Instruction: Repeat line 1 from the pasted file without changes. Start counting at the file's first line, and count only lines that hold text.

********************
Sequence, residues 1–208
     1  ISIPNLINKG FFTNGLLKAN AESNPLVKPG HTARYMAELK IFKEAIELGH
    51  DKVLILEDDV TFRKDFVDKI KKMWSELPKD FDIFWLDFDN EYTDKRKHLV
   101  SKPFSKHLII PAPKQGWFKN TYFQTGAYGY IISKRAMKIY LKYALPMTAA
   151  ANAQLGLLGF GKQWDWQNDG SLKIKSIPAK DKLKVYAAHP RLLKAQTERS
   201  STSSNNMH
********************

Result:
Sequence, residues 1–208